A lovely warm summer Saturday and our honey bees were busy on the Borage. The occasional bumble bee dropped by as well. Just had my ordinary little camera to hand, so not the best quality photos, but I am quite amazed how many silky hairs show up on the Borage plants. The longer fine ones are obviously silky dog hairs and we certainly have a mass of these around the place! The honey bees were very calm today and totally unconcerned about my close proximity. Perhaps because I was quite relaxed about them too.
Just back from a few days visiting friends in Yorkshire. Lovely weather but a bit warm and humid on some days. Beautiful daytime and evening walks around the farm with the dogs and two of our ‘honorary grandchildren’. So lovely to be able to spend some quality time with the latter. Although they all live only five minutes from a busy town their farm is so peaceful and quiet that you could be in the middle of nowhere. We love it there and our dogs do too. Birdsong, blackberries in abundance this year (we picked several pounds to bring home!), chickens contentedly clucking (and not being chased by junior dog this time around!!), cows wandering the fields and the wind turbine busily humming away (sometimes!!).
A visit to the newly refurbished, and quite magnificent, Piece Hall was on our list. The last time we saw it, it was looking quite sad and in need of some serious tlc. Now looking very smart and being enjoyed by lots of families whilst we were there. However, we wondered why on earth, and at a cost of £19 million, the local Council had commissioned the use of very expensive stone setts, consisting of Pennant Sandstone from the Forest of Dean, Portuguese Granite and Carlow Irish Blue Limestone, instead of beautiful Yorkshire stone, to refurbish the whole of the central area that was once covered with Yorkshire stone setts. A beautiful piece of workmanship but the overall grey colour looks totally alien against the glorious golden stonework of the old building.
Out and about with flying things. Walking on the moors near Rannoch there were Scotch Argus butterflies everywhere.
Shown here – Rosy Rustic, Sallow, July High Flier and Antler Moth – identified at the Moth Event I organised at Innerpeffray in conjunction with Butterfly Conservation. Overnight conditions were much cooler than of late so we were unsure if there would be any moths in the overnight trap. However, we were delighted to record 16 different ones and everyone there was very enthusiastic. Hubby is now going to make a moth trap!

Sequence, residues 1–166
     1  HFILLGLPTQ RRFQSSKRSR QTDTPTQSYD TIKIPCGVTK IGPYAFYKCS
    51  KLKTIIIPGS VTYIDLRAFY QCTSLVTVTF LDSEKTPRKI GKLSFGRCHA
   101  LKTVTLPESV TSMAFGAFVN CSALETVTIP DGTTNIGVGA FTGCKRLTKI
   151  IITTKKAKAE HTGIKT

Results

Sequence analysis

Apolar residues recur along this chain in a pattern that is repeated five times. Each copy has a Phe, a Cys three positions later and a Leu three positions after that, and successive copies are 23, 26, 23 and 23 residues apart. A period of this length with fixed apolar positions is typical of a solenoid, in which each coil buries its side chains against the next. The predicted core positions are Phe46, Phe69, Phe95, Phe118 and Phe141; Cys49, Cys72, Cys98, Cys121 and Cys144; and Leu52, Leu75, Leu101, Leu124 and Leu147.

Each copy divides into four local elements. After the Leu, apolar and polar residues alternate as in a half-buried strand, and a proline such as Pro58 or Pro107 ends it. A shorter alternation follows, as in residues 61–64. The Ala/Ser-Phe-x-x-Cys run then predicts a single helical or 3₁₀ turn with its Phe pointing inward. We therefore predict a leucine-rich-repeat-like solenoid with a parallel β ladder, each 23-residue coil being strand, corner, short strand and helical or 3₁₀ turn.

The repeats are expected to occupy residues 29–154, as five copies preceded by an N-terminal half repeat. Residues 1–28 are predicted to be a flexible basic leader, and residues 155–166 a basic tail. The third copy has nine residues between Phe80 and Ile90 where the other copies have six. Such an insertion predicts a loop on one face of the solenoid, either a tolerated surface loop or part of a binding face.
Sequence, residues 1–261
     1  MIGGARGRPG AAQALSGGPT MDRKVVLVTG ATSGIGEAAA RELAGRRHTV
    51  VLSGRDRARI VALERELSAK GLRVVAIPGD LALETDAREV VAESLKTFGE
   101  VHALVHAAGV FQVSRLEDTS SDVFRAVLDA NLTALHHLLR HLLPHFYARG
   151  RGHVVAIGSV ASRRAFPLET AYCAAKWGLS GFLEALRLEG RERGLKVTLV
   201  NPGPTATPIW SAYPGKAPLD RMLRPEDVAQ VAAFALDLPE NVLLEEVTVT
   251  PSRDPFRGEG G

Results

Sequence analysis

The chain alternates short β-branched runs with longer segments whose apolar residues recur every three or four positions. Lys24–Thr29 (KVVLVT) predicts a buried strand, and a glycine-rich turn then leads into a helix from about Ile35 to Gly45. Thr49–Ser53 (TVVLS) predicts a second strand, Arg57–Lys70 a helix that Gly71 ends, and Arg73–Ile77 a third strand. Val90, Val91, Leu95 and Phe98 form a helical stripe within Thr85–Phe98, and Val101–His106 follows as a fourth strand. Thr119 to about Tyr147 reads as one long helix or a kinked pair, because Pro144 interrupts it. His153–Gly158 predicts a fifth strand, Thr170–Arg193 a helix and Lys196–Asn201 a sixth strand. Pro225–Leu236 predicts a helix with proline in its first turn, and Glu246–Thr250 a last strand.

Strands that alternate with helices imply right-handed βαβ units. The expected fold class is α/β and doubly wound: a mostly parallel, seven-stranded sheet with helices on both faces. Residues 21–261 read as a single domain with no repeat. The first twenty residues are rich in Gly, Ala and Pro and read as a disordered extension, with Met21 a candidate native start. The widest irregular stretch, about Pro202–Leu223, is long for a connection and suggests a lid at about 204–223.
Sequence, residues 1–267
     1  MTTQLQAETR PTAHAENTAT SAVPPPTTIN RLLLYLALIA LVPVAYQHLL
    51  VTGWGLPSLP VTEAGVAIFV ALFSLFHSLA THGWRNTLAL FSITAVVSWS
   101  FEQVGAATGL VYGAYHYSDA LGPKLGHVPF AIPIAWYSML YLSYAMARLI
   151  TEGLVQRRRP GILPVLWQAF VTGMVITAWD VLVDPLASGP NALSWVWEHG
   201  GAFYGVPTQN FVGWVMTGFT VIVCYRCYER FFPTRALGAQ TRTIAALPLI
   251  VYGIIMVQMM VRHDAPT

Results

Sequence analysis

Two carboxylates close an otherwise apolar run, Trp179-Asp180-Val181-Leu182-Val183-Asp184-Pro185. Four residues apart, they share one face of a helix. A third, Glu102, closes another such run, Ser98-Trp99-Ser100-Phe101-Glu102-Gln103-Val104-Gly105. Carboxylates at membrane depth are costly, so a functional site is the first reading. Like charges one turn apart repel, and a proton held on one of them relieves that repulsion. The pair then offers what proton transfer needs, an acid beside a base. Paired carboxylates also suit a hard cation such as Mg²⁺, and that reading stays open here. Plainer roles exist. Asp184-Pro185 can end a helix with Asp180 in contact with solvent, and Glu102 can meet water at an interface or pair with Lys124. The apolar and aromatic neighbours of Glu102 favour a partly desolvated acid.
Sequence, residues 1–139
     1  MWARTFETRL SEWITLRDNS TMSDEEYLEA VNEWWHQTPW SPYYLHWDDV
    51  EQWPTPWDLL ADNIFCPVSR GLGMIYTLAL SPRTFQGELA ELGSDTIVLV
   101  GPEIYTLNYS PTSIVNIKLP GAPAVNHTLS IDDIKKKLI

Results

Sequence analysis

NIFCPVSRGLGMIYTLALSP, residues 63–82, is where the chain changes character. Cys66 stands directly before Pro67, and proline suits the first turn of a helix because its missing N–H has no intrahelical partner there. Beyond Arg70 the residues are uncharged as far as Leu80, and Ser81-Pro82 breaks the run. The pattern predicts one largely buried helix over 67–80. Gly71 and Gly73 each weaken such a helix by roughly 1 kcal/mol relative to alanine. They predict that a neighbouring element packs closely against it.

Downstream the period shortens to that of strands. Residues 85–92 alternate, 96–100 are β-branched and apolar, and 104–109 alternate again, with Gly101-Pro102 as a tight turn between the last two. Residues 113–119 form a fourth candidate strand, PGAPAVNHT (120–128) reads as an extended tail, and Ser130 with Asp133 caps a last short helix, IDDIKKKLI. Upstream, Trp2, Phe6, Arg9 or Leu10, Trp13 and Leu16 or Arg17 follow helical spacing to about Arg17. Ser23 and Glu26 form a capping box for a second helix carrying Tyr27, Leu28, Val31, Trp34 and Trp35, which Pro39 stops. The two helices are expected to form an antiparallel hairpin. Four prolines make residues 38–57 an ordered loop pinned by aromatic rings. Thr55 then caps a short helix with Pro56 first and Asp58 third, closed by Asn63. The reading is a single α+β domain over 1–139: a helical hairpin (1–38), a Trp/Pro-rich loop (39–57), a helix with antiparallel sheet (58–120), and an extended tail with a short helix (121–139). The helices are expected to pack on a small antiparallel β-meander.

Noticed numerous ‘hover flies’ (I think!) feeding on the onion flower heads in our veg garden. In close up I then realised how beautiful these ‘flower heads’ actually are. Hundreds of tiny individual flowers.
Our pond has water boatmen dotting about all over the surface of the water. They are extremely active ‘walkers on water’.
I have been the lucky owner of a copy of ‘From The Land Comes The Cloth’, Ian Lawson’s wonderful book, for several years but have never had anywhere that we felt we could leave it out to look at each day. It is a very large book! Full of amazing and inspiring photographs. Now I have a suitable space in my work room (not on my work table, as seen here!) I decided that it needed a shaped ‘book cushion’ on which to sit comfortably and to protect the spine of the book. So what better to make the cushion with than Harris Tweed. Lined and filled with polystyrene balls the cushion shape can be altered to fit the size of the book.
The book has inspired me to look at the landscape and the cloth and experiment with some photos of my own, three of which are here. A good excuse to purchase the cloth to take the photos!!